Wildfires in various stages of containment continued to consume Washington state Wednesday, with major fires also burning throughout the west in Idaho, California, British Columbia and Saskatchewan.
There are 21 fires burning in Washington and Oregon alone, NBC News reports, with an additional 100 just over the Canadian border.
The weekend of July 4 was the hottest on record in western Washington, local station KREM reports, and the area has just tied the record for most consecutive days of above 90°F temperatures. As a result, there have been close to 400 wildfires already reported this July compared with 275 for the same month last year, according to the state’s Department of Natural Resources.
The red portion of the map highlights the volatility of the area around the Washington-Idaho border, which saw multiple fires start this week. A conflagration raged in Cape Horn, Idaho over as much as 2,000 acres, and over the border in Spokane evacuations just outside the city ordered residents to be ready to leave at a moment’s notice after a fire threatened an area popular with hikers, KREM reports.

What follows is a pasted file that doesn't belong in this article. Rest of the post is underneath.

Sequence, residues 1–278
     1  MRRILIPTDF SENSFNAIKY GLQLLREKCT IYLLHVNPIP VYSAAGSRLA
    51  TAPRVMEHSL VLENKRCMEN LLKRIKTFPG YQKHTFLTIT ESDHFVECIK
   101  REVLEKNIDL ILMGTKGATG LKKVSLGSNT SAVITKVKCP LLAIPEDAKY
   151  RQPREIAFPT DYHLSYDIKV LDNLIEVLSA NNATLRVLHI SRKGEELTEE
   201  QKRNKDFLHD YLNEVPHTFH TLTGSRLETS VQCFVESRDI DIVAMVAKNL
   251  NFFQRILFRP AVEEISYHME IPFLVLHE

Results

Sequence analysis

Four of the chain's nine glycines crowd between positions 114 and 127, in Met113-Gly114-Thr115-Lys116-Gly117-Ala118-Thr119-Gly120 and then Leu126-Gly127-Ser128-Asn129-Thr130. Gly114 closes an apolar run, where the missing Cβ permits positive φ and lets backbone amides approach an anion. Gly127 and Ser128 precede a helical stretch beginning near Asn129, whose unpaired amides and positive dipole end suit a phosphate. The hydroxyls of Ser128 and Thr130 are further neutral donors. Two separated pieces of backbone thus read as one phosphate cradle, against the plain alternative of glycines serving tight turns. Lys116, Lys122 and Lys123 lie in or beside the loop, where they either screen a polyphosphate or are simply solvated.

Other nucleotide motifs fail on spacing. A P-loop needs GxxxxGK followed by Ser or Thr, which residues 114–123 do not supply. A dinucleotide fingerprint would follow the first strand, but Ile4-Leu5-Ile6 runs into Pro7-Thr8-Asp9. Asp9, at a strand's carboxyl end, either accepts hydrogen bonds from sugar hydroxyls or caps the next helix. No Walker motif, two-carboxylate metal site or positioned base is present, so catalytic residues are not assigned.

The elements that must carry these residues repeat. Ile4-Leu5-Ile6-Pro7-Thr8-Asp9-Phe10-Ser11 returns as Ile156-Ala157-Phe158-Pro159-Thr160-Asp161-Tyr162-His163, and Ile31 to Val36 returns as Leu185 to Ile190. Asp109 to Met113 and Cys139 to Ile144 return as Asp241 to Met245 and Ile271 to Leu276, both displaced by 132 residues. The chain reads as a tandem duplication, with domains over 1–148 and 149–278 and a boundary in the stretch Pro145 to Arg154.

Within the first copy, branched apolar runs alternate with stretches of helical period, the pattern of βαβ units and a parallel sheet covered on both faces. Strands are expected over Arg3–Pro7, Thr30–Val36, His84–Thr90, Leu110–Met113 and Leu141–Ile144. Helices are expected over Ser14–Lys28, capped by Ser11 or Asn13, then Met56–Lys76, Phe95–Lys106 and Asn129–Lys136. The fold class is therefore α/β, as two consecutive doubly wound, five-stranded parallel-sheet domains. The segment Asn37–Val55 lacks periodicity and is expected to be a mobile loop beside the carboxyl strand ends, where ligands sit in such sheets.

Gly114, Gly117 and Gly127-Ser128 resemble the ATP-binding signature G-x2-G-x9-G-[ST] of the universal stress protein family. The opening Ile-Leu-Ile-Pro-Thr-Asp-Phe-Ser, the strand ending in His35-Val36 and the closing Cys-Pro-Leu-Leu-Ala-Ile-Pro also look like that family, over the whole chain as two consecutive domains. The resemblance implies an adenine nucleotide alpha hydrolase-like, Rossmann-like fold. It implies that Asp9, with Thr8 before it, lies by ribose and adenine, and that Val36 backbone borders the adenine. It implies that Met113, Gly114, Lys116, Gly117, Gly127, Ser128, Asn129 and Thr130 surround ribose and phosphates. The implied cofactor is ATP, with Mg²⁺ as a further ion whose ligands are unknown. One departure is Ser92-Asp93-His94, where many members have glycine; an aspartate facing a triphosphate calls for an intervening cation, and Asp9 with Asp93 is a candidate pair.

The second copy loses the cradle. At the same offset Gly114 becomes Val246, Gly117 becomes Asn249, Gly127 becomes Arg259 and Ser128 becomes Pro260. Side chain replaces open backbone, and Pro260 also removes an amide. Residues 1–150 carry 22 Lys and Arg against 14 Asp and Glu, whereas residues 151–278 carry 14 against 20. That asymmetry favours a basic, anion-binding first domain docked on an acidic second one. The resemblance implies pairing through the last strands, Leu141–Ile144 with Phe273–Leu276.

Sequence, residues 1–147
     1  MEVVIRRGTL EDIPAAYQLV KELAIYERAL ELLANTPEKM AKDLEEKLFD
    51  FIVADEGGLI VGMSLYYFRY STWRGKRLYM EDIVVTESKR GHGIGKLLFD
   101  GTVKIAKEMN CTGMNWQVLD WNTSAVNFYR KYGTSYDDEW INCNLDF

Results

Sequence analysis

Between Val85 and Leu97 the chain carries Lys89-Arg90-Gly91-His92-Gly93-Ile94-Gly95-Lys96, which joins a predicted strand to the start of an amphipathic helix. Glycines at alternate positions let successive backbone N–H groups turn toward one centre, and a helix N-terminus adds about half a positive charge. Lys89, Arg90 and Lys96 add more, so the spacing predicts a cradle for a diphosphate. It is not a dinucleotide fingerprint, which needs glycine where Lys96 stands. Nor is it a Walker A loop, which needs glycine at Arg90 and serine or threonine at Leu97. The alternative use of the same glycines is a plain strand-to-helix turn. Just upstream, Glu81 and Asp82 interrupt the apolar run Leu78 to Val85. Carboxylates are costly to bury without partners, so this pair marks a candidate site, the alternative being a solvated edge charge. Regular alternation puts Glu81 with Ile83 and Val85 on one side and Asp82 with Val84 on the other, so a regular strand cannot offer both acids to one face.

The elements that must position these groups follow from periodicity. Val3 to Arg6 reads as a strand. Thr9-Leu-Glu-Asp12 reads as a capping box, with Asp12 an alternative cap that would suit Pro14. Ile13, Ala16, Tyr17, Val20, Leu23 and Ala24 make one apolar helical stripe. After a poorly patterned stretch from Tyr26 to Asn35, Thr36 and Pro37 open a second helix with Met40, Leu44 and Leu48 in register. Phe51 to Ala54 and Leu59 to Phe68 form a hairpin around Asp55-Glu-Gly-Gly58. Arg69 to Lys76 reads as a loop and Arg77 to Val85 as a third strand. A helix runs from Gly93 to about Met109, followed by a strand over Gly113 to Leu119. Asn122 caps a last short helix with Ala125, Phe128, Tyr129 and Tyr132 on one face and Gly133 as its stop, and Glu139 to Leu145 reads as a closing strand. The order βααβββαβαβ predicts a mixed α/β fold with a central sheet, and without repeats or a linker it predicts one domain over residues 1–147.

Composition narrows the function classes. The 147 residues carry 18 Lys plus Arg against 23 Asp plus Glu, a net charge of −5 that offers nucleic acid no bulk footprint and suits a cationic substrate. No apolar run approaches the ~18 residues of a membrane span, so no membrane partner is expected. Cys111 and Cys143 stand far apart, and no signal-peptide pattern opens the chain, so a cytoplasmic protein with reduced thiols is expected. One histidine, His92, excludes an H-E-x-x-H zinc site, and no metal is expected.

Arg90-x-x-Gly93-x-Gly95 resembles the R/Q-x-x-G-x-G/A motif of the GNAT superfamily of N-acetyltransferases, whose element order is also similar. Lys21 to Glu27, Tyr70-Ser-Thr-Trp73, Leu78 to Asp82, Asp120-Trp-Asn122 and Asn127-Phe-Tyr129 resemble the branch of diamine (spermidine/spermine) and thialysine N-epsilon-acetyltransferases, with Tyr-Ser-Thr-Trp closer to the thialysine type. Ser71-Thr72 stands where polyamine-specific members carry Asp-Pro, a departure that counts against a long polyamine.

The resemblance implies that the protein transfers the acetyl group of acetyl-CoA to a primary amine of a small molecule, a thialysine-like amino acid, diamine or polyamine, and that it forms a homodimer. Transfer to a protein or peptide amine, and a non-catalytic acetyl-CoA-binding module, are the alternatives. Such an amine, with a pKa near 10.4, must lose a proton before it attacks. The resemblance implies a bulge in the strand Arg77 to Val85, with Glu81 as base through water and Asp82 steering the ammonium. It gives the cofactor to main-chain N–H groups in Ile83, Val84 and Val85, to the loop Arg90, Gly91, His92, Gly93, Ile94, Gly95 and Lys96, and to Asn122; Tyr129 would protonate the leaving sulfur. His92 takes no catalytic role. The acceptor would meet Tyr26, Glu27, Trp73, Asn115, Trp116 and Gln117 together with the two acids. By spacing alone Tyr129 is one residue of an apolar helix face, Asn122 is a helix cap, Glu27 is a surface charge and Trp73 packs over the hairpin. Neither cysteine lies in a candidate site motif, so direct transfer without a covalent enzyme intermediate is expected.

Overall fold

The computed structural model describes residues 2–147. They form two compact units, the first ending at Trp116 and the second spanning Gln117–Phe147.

Elsewhere, the so-called “Paradise Fire” continued to burn in the depths of Olympic National Park, usually one of the wettest places in the country, with the blaze still only 21% contained after several weeks. And further south close to the Oregon border, the so-called “Gilmore Gulch” fire continued its slow march. Local station KXLY reports that the fire had consumed more than 5,000 acres and was only 10% contained by Tuesday.
Linda Weatherly, a fourth generation rancher whose property was at risk if the fire continued its advance, said she could not remember a summer so dry and was deeply concerned about what the next week might hold. “It’s our livelihood,” she told TIME. “We have animals and crops. And they’re talking about thunderstorms now… it would devastate families.” Should the fire approach, she said her first priority would be to “try to get my animals out of here. I don’t have any water to fight it. It would have to be, you know… all the ranchers try to kick in and help.”
Eric Beckemeir, a waiter at the Idle Hour Eatery near Quincy, Wash., reported similar reactions from his neighbors when a fire consumed 10,000 acres north of town after the July 4 holiday before being contained. The town is 30 miles southeast of Wenatchee, where the Sleepy Hollow fire destroyed dozens of homes earlier this week, and several of its own houses were temporarily evacuated during the fire. But Beckemeir told TIME the community came together to help: local businesses donated water and gatorade, farmers used their tractors to make fire lines, and orchardists sprayed their neighbors’ homes down with hoses. “In a rural area you can take care of each other,” he said.
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